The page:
Each of the victims subsequently identified defendant as the intruder, first in photographic identification sessions conducted on June 8, 1983, and later in corporeal lineups. An investigator with the Danville police department testified that he conducted a photographic identification session with the Hazel couple in their apartment on June 8, 1983. Mr. Hazel examined 790 photographs of black males over a period of about 1 1/2 hours while his wife was being interviewed in another room. Mr. Hazel selected the photograph of defendant, which was the last one in the group, and stated that he was positive that it was the intruder. Mr. Hazel also testified at trial that he was positive at the time that his identification was correct. After Mr. Hazel left the room, Mrs. Hazel examined approximately 200 photographs before selecting a picture of defendant as the intruder.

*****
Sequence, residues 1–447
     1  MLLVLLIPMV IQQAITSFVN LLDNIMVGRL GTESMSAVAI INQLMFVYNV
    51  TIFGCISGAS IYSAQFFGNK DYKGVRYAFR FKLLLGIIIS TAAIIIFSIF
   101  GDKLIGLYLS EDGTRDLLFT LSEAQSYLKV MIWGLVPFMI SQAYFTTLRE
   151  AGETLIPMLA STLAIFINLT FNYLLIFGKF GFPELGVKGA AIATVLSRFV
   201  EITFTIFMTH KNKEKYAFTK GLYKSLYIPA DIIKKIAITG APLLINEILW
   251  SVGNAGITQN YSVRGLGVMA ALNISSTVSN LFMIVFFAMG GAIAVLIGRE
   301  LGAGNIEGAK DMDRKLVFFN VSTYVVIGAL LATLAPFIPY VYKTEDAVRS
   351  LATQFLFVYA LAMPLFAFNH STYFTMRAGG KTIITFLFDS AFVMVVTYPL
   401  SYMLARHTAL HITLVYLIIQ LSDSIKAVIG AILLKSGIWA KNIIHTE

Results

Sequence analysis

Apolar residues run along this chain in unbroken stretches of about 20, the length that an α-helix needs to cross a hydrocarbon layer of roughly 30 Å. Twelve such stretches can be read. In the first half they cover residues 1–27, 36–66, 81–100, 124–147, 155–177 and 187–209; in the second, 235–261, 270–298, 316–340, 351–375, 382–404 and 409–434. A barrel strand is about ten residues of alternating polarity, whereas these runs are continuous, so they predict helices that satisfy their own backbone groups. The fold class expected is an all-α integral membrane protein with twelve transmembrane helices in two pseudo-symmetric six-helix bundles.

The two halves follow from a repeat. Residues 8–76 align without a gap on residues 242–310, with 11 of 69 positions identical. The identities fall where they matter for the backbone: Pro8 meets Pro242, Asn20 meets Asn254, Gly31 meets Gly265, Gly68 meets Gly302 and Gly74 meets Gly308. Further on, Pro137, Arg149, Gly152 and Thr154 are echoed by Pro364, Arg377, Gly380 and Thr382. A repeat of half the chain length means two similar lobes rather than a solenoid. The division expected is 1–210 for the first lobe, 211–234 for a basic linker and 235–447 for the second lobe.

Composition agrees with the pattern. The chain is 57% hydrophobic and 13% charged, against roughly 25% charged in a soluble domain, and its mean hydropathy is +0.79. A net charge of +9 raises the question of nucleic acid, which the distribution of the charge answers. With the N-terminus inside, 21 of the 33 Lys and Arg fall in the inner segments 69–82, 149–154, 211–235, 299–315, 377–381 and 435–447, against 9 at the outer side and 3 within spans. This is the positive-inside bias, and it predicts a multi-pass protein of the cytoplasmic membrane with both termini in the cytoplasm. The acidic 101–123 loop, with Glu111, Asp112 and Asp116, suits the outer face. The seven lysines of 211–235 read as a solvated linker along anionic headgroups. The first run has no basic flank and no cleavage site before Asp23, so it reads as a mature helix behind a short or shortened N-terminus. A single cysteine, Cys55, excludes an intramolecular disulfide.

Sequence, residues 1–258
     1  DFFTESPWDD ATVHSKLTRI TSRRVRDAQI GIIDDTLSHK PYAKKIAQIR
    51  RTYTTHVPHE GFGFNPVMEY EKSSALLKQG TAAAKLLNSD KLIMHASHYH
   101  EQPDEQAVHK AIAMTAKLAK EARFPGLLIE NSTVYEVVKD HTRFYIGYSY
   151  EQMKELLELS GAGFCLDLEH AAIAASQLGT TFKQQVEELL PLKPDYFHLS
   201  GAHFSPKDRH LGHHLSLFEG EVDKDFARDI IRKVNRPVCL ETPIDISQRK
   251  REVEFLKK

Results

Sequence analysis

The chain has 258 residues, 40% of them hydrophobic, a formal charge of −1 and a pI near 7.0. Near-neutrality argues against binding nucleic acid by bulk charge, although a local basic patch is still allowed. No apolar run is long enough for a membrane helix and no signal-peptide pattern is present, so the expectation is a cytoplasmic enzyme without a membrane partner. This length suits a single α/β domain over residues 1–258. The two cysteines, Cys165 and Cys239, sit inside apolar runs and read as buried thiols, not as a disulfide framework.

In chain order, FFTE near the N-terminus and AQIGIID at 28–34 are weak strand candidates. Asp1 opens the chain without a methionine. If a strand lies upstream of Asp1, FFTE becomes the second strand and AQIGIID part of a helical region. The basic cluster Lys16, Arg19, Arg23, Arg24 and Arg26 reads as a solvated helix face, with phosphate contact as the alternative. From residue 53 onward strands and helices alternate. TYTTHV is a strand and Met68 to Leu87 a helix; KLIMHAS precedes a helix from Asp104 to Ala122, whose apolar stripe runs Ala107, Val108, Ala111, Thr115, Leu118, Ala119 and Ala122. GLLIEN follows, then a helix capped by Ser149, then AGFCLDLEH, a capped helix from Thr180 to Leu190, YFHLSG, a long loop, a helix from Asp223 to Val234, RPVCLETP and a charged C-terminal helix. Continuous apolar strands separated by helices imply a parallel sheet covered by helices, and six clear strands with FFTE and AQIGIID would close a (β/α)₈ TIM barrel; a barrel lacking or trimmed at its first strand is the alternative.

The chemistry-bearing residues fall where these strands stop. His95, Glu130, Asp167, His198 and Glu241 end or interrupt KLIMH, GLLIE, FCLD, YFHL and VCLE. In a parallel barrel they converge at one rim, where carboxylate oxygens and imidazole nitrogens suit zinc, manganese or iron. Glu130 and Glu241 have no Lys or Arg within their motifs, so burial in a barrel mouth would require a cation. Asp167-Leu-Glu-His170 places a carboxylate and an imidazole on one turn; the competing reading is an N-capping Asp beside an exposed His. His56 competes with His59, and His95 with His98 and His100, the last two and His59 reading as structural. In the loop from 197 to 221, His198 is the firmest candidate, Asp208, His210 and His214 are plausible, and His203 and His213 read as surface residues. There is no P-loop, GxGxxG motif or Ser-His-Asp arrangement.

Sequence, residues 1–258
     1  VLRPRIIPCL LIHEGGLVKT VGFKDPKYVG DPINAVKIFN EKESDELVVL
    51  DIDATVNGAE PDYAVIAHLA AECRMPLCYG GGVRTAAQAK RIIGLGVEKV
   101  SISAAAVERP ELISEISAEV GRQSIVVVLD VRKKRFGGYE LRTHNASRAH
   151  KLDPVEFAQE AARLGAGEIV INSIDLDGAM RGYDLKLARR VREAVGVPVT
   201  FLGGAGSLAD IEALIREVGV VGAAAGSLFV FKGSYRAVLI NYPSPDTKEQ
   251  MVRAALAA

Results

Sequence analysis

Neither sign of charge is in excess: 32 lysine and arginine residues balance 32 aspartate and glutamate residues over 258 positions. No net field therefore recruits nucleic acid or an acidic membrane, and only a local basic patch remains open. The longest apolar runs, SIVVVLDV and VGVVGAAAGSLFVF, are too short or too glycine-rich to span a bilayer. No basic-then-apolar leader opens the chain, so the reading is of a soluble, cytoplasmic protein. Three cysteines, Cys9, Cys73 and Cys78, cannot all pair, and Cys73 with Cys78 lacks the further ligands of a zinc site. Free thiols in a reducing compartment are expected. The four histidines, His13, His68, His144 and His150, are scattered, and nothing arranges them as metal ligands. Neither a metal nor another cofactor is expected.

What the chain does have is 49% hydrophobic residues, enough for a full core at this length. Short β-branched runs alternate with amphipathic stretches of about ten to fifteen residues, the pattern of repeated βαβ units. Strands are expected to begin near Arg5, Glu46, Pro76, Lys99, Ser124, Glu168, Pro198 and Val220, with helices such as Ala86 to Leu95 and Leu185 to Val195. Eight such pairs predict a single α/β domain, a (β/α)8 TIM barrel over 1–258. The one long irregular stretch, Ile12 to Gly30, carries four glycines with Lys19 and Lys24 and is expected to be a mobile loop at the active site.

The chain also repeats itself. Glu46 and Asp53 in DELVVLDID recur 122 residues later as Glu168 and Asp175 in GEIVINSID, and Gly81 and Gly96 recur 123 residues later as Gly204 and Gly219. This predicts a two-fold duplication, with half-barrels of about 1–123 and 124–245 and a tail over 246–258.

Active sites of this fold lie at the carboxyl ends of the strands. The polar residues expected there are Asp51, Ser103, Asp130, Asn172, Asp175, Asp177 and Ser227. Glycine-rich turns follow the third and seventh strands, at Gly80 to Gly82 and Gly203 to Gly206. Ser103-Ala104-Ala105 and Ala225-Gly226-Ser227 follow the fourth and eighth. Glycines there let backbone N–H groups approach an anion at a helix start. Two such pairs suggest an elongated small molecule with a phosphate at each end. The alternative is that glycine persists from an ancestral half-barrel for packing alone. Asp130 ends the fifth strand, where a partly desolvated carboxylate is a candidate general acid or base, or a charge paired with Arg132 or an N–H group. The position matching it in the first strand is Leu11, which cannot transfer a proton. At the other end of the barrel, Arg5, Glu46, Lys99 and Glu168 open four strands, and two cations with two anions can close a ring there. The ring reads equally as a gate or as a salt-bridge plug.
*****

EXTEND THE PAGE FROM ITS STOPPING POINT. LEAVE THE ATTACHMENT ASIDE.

Another Danville police investigator testified that he was present at a lineup conducted on June 9, 1983, for Mr. Hazel. After several minutes, during which Mr. Hazel eliminated three of the five subjects, Hazel identified defendant as the intruder. Hazel testified at trial that he was looking in the lineup for the person whose picture he had previously selected, but stated he was positive of his identification. On June 14, 1983, a lineup of the same five subjects was conducted for Mrs. Hazel. Mrs. Hazel viewed the lineup for about five minutes before selecting defendant, stating "I believe that's him." Mrs. Hazel also testified that she was positive of this identification.